The death of music festival culture

image sourced from photo by Josh Brasted from Wireimage

Sheila Rafizadeh and Savannah Ford

The infamous Coachella Music Festival is an annual music festival held at the Empire Polo Club in Indio, California. While it quickly gained popularity as the biggest and most highly-anticipated music festival of the country, circumstances have recently changed causing the festival to lose much of its traction.

The first ever music festival took place in Ancient Greece. Grecians would compete in singing contests as a part of the nation’s Pythian Games. Of course, this is still far from drinking Liquid Death and rubbing glitter on your body. Since then, the idea of a modern music event has changed. It is normal for the sensory environment during music festivals to vary in some ways. However, rather than a certain sound or dress code, the change that has occurred over the past few years is concentrated inside the semantics these events are constructed on. 

Today’s festival culture has changed in a way that doesn’t feel unique or unusual since the qualities that make a festival good are so tepid. Instead, it is altering in a horrifyingly dull manner. This transformation is partially because of how similar these events have become. From Coachella to Lollapalooza, the festival experience has essentially crystallized into a single, resellable version of the same concept. The uniformization of music festivals has transformed what should be a unique experience into something that is nearly mundane.

As the festival economy burst in the early 2010s, the larger events needed to appeal to a wider audience in order to sell tickets. Because of this, there is a variety of overlap across current festivals. Music festivals have arguably lost the key element that made them fascinating, which was that they signaled an unexpected experience, by organizing themselves into these identikit experiences. 

Meanwhile, as Coachella’s losing its momentum, another music festival has emerged into the mainstream. Rolling Loud is known as the world’s largest hip-hop festival. Coachella is a brand-focused festival. More people are drawn to the event as a whole than to any particular act. Meanwhile, Rolling Loud depends entirely on its talent. Coachella’s culture is driven by a network of influencers, digital brands, and pop-up shops. Contrarily, Rolling Loud places a higher priority on their interactions with artists, subduing influencer culture. 

When the same product is offered in the same locations, the music festival scene becomes saturated. Organizations must pinpoint niches and concentrate on underutilized talent. Rolling Loud has handled this on a broad scale, which explains why it has expanded yearly.

In accordance with the melding of the festival experience across various different proprietors and sponsors, the culture of these events within themselves speak volumes of their prevailing, and now fleeting allure. Influencers and content creators establish much of the dazzle and spectacle surrounding festivals, painting a facade of flawless entertainment and a euphoric experience. Fear of missing such an occasion propels momentous publicizing and hype- both of which are deeply ingrained in the culture of these festivals, with attendees’ expectation of undergoing an incredibly sensational assimilation of music, performances, optics, acoustics and celebrity experiences.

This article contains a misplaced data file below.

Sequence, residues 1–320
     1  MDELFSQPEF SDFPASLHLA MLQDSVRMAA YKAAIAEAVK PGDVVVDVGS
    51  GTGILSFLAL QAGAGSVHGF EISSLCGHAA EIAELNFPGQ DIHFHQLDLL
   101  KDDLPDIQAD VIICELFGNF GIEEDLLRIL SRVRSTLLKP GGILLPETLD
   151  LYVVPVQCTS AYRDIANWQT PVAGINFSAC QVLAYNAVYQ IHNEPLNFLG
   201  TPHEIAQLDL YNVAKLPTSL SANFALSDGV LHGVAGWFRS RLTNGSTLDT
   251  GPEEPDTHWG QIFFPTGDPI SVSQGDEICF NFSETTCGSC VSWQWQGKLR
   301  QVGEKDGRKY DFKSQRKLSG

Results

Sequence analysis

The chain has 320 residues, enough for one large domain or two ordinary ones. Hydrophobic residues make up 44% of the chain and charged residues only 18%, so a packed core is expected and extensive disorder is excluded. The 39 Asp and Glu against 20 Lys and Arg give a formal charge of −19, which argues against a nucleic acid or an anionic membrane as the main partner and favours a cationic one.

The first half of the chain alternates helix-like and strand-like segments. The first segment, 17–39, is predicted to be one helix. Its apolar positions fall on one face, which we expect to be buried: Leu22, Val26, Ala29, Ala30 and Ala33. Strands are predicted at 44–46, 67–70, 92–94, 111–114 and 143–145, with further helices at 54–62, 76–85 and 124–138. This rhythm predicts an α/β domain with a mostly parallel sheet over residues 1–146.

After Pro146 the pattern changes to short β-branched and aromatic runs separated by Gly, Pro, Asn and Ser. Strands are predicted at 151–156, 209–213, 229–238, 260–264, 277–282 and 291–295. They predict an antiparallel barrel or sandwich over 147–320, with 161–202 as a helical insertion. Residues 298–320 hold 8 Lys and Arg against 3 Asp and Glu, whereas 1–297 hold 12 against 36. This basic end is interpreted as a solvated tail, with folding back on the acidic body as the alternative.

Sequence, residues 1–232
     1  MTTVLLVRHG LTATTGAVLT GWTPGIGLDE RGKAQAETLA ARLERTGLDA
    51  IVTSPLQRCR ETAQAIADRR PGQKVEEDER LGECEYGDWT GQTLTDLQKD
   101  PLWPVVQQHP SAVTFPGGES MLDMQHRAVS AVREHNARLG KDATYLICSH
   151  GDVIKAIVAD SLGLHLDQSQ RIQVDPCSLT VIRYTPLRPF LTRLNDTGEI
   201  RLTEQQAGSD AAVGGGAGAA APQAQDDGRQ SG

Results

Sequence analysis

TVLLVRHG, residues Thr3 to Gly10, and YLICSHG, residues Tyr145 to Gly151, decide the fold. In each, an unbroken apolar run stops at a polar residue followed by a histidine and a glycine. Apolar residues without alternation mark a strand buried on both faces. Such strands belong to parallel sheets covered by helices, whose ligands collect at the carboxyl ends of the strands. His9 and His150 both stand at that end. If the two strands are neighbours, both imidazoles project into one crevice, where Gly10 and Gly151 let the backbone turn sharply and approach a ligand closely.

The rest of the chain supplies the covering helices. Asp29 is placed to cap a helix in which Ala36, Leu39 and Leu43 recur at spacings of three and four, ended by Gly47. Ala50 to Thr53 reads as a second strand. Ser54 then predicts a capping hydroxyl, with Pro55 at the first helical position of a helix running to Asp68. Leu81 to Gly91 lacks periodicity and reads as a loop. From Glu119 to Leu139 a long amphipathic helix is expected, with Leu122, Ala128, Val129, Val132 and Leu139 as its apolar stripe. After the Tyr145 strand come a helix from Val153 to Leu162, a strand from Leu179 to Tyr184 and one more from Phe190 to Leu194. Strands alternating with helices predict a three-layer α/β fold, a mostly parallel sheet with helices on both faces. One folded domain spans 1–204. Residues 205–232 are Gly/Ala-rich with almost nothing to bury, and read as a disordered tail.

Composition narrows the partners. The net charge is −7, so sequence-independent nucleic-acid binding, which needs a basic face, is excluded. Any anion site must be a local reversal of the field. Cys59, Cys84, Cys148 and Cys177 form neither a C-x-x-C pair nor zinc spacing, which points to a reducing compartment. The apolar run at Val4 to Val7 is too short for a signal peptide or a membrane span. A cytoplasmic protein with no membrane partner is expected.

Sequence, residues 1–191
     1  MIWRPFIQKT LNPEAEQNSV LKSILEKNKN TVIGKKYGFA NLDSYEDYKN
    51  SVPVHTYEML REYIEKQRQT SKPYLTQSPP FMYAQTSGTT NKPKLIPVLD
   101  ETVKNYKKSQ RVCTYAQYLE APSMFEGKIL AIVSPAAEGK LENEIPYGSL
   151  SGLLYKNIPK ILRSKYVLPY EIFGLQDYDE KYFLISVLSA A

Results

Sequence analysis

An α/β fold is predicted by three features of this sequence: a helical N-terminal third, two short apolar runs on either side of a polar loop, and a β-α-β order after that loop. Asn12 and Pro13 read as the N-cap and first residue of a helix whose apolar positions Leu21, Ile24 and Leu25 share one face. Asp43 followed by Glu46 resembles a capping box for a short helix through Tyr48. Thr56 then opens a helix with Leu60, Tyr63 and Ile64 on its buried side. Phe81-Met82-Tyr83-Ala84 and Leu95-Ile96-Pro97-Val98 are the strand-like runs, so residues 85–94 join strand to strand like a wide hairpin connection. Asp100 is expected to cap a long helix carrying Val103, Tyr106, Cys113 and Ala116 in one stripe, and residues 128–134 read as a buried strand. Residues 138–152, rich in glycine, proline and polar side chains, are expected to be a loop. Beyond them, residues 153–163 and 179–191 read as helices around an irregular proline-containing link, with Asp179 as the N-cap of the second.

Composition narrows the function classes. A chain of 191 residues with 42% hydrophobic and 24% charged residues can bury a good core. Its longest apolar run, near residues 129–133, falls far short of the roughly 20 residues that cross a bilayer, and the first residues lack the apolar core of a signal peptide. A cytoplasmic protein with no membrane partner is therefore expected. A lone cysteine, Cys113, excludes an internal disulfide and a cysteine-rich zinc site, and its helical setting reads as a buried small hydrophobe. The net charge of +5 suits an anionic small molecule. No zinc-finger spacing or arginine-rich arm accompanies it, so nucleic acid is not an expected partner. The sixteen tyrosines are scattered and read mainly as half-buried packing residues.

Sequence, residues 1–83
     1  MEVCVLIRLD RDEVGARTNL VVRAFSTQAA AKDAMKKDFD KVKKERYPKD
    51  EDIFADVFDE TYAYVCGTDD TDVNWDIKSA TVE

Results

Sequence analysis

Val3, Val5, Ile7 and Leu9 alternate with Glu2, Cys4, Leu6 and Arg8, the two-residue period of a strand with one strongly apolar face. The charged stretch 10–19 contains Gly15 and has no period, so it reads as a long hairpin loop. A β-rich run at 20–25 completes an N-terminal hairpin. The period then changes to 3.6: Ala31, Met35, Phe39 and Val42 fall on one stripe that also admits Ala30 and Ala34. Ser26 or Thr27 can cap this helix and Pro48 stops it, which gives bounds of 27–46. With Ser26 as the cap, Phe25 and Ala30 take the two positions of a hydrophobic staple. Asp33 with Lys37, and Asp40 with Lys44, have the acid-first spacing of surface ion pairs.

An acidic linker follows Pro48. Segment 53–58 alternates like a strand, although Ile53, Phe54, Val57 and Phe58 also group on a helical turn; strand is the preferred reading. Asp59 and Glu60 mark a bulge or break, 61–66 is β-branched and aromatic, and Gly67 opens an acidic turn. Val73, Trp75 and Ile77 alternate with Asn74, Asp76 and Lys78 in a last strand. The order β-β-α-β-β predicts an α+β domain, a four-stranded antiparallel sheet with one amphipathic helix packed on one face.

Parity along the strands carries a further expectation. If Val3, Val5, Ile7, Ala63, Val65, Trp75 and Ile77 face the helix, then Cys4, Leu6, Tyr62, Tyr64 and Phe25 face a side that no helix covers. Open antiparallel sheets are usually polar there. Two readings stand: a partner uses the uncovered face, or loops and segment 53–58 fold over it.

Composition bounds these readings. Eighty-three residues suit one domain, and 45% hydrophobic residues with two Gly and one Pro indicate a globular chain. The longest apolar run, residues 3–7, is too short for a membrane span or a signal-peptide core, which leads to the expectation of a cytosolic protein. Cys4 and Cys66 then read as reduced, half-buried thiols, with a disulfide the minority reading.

Social media and influencers undoubtedly prompt fuss and eagerness regarding festivals, from Coachella to Rolling Loud, the posts and content ceaseless. During the days of these events, the world observes the highlight reel of the happenings from behind our screens; captivated by the glamor and charm of fashion, artistry and experience. The appearance and exterior shell of music festivals is utterly magnetic, luring in individuals from every corner of life to come together for the adventure of a lifetime. Social media markets and influencers promote this front of unadulterated, fulfilling pleasure, realities and flaws masked, establishing festival culture itself. 

When the layers of festivals are peeled back to reveal the veiled truths, the agents of their intoxicating seduction are blatantly conspicuous. Despite the culture heavily reliant on social media influencers, pharmaceuticals and a blissfully euphoric experience, at their core music festivals are exactly that- a means to bring together and revel in the shadow of immense music and talent. Line ups and well-known performers excite crowds, willing individuals into tiring their physicality to the brink of exhaustion for the chance to see one amazing artist or another. In essence, the origin and stipulated purpose of music festivals are tainted by the presence of pretense, unmet expectations, misconstrued flawlessness from influencers and irresistible promotion from social media platforms.    

For these reasons alone, music festivals will not die out completely any time soon. They will continue to exist as long as there is music to be performed and listeners to enjoy it. Although the heyday of large music festivals has passed, the doors are still open and ready for something new to enter.